On Chestertown’s High Street, Music Life is ready for musicians – come one, come all. Open for more than two years on the town’s historic main line, the music store is more than a store. Owner Bill Drazga, 60, opened the Music Life: Eastern Shore School of Music to be a place where all musicians can find both instrument and instruction.
When asked why he chose to open the store, Drazga had two main reasons. First, he was “unemployable,” and second because he had “worked in music in some way [his] entire life” and knew his passion for it wasn’t going to change any time soon. In addition to music, Drazga has another passion, Hawaii. He plans to retire there, though evidently he can’t wait – leis and tiki masks are already scattered about the store.
Turning from the decorations to the array of instruments, a very diverse customer base is reflected in the variety of products. Instruments range from boom-whackers for the younger crowd to burnished violas for the slightly more serious musician. In fact, the range of products is uncommon for a music shop located in such a small town. Looking for a ukulele painted like a pineapple or covered in traditional sugar skulls? Got it. Interested in local artist renderings of some seriously smooth jazz? Covered. Sheet music for every song ever written? Maybe not, but Drazga promises no more than a 24-48 hour wait time for any special order.
While the instruments are important, Drazga is more focused on the music school side of the business. “The instruments are here to help facilitate learning.” His student demographic is vast, spanning from the three-to-six age group coined the “Wee Little Mozart”– all the way to 90 years and up. “Mother’s should always sing to their kids before they are born. Fathers, too,” he said.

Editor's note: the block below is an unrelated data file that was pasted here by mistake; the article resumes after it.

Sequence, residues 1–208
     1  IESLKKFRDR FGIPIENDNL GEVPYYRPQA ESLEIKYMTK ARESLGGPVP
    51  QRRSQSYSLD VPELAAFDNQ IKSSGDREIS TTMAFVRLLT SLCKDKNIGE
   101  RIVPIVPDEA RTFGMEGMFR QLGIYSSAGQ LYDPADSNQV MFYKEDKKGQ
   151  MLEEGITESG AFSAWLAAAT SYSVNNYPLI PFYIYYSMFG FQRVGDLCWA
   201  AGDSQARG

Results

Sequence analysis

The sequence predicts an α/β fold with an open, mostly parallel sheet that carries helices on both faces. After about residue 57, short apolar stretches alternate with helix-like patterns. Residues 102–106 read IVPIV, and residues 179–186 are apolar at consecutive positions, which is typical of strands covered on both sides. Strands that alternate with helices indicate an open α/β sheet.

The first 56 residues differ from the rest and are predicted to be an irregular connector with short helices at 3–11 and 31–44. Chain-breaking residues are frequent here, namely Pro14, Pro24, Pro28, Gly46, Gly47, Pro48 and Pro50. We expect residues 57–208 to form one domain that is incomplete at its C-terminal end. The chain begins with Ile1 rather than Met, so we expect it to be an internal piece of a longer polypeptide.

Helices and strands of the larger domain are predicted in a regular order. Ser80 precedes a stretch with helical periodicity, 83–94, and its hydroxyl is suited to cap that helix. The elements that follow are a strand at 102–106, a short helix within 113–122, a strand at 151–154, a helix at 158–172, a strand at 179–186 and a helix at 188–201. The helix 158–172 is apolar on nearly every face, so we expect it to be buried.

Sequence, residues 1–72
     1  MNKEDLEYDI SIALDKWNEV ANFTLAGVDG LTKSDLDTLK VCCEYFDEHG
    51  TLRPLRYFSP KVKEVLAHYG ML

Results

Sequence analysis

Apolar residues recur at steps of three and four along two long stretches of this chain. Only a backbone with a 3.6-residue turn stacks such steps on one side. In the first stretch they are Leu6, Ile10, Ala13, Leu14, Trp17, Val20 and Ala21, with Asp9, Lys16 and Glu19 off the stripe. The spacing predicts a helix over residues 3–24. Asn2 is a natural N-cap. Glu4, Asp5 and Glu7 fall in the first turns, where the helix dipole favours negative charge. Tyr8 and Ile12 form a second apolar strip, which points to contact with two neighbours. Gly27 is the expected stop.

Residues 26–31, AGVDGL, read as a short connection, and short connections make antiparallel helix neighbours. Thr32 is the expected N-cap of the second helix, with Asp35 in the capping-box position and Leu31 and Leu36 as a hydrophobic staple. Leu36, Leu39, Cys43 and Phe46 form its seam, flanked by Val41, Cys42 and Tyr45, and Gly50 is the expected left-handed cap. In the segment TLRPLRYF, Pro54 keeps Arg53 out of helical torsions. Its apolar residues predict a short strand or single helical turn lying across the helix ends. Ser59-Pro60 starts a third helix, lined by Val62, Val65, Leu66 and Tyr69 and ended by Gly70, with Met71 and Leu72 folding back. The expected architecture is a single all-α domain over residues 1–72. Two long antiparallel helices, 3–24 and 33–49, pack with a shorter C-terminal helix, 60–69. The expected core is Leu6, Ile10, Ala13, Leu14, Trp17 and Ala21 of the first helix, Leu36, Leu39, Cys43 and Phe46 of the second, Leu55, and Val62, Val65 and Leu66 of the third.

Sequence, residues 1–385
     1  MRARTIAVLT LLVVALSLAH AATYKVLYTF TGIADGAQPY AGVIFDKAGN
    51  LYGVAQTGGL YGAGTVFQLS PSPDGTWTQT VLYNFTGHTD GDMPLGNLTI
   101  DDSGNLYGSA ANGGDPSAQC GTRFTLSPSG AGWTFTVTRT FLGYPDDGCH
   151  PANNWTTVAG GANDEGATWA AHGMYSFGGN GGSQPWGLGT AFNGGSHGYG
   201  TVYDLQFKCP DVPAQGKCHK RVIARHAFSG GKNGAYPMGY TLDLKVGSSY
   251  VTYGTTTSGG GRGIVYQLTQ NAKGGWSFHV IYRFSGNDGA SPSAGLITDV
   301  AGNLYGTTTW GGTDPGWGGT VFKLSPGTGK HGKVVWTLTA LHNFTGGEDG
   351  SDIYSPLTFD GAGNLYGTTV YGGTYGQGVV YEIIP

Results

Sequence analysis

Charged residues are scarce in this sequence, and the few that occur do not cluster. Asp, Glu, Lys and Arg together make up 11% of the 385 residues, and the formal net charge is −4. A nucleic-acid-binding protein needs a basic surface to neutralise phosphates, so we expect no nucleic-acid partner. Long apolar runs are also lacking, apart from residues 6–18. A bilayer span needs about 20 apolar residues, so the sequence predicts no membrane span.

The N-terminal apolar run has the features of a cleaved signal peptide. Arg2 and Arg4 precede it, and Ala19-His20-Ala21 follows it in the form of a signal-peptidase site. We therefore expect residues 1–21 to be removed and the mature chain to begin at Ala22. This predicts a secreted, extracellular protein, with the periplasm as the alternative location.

He notices that older students tend to appreciate music lessons more than younger ones. Going out of your way to learn something new about music as an adult makes it more of a scheduling priority.
To the younger crowd, specifically to every kid whose parents are forcing them to go to music lessons, Drazga said, “They should be glad they have me as a teacher. I understand their situation.” He is referring to his first instrument, the accordion, which his parents put in his hands at the early age of four.
Throughout, Drazga (apologetically) had to help his many customers. They always come first and are the reason he opened the shop in the first place. He lives to introduce music into the lives of others. He said it is “a spiritual and therapeutic necessity of life.” Music, he said, “is part of the process of becoming a complete person.”
Even outside of music lessons, Music Life interacts with the community at Chestertown’s weekly Saturday Farmers’ Market. Items like acoustic guitar themed silken vests and local band CDs are for sale by independent vendors, while troubadours occasionally play to the meandering crowd, which hints at the impact Music Life has made on the community. At Chestertown’s First Friday event for September, Drazga played for the crowd, along with two friends from WCTR Radio and the town’s Ukulele Club.
While Music Life has touched the lives of many in Chestertown, Drazga has noticed a hesitance in the college students to explore their musical side, noting that creativity in general can sometimes fall to the wayside. “I’d really like to be more a part of the community and with the College.” WC students, Bill Drazga has very reasonable request, “Give music a chance, especially when [you’re] in school. It is never too late to pick up an instrument – it is never too late to try something new.”
As seen on the front page of Washington College’s The Elm: